Here's what's more interesting: A handful of clubs are revisiting the crossroads and getting smarter about traversing the gap from starters to closers. These teams have grasped a critical analytical insight, best described in a 2014 research paper by Hamilton Marx, a Duke business school student.

Relievers have many advantages over starters. Shorter stints, for example, mean they can use fewer pitches and throw harder. But it turns out their biggest edge comes from unfamiliarity. Marx found that starters suffer a significant "times through the order penalty" (TTOP) that swamps other differences between them and relievers. For instance, from 2008 to 2013, OPS allowed by starters jumped from .728 their first time through the order to .783 their third. On average, the more often a starter runs through an opposing lineup, the more accustomed hitters grow to facing him, the less effective his pitches become and the more line drives he surrenders.

Fatigue may also be a factor, but it's notable that starters with varied arsenals -- those who throw four or more kinds of pitches at least 10 percent of the time -- are less susceptible to the TTOP. As Marx wrote, "Those with only one or two pitches (generally heavy fastball pitchers) actually start out better than their counterparts but get hit harder quickly as batters become familiar with them."

So to optimize pitching staffs, managers should limit the number of times starters, particularly those with limited repertoires, pitch through the order. The real key is to be as strategic about the middle innings as teams already are about starters and closers. Clubs should shift one-note flamethrowers to the bullpen, focus on accumulating relievers with good peripheral stats (like low home run rates) and use them early and often for crucial matchups, rather than preserving them for save opportunities.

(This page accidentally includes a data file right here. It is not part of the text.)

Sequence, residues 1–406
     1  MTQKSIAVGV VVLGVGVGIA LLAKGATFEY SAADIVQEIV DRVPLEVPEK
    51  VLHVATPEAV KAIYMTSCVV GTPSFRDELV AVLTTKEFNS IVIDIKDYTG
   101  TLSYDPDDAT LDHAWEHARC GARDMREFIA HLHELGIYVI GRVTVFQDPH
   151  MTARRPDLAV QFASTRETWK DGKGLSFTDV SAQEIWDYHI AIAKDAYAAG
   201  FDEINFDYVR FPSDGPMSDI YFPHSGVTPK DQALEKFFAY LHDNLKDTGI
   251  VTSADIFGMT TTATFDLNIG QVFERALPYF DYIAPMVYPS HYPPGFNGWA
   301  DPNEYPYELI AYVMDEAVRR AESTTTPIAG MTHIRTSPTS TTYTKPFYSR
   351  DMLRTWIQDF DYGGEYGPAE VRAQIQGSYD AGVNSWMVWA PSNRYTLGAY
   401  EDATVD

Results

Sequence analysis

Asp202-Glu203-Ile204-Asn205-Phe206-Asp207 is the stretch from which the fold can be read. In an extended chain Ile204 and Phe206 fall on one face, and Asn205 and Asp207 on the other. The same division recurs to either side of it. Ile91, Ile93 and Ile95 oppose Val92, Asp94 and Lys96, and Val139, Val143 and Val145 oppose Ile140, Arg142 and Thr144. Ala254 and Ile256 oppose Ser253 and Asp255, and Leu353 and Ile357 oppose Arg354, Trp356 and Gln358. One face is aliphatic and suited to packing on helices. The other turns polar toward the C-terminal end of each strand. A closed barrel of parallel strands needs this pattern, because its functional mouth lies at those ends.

That's just how the Royals rode a deep relief corps to the World Series last year: Wade Davis, Kelvin Herrera and Greg Holland all pitched regularly in high-leverage situations, amassing 258 strikeouts in just over 200 innings. This season Kansas City has been even better. And a handful of other clubs are trying to follow suit by pursuing diverse strategies to accumulate low-FIP relievers, from the Astros (free agents) to the Dodgers (no-name injury replacements) to the Yankees (tall guys). Bullpens that combine the high impact of the 1970s and '80s with the situational data and injury concerns of the 2010s: That's the cutting edge.

Because so many teams -- and players, agents, arbitrators and media types -- have bought into the idea that closers are a breed apart, change will come slowly. Already, however, middle relief isn't quite the dumping ground it used to be. And there's still lots of room to experiment. Marx actually recommended that teams throw starters three innings every third day and deploy, as he put it, "an army of superrelievers." He is now an intern with the Rays -- who planned a full bullpen game against the Marlins on April 10, using eight relievers from start to finish. It didn't work that game (they lost 10-9), but that hardly means the dream is dead. Maybe the opener's day will come after all.